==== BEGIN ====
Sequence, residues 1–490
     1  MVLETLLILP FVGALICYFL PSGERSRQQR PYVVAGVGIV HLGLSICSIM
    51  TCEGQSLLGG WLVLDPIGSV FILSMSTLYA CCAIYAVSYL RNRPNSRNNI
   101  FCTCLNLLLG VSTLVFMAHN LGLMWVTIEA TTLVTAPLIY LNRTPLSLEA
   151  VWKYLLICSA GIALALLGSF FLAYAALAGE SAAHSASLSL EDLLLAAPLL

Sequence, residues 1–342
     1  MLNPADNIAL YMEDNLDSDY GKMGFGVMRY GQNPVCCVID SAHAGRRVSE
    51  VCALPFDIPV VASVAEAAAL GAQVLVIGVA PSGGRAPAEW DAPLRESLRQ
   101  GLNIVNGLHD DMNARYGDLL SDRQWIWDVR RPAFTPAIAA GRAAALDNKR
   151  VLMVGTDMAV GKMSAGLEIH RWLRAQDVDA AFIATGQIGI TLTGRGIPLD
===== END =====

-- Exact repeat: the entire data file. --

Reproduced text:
Sequence, residues 1–490
     1  MVLETLLILP FVGALICYFL PSGERSRQQR PYVVAGVGIV HLGLSICSIM
    51  TCEGQSLLGG WLVLDPIGSV FILSMSTLYA CCAIYAVSYL RNRPNSRNNI
   101  FCTCLNLLLG VSTLVFMAHN LGLMWVTIEA TTLVTAPLIY LNRTPLSLEA
   151  VWKYLLICSA GIALALLGSF FLAYAALAGE SAAHSASLSL EDLLLAAPLL

Sequence, residues 1–342
     1  MLNPADNIAL YMEDNLDSDY GKMGFGVMRY GQNPVCCVID SAHAGRRVSE
    51  VCALPFDIPV VASVAEAAAL GAQVLVIGVA PSGGRAPAEW DAPLRESLRQ
   101  GLNIVNGLHD DMNARYGDLL SDRQWIWDVR RPAFTPAIAA GRAAALDNKR
   151  VLMVGTDMAV GKMSAGLEIH RWLRAQDVDA AFIATGQIGI TLTGRGIPLD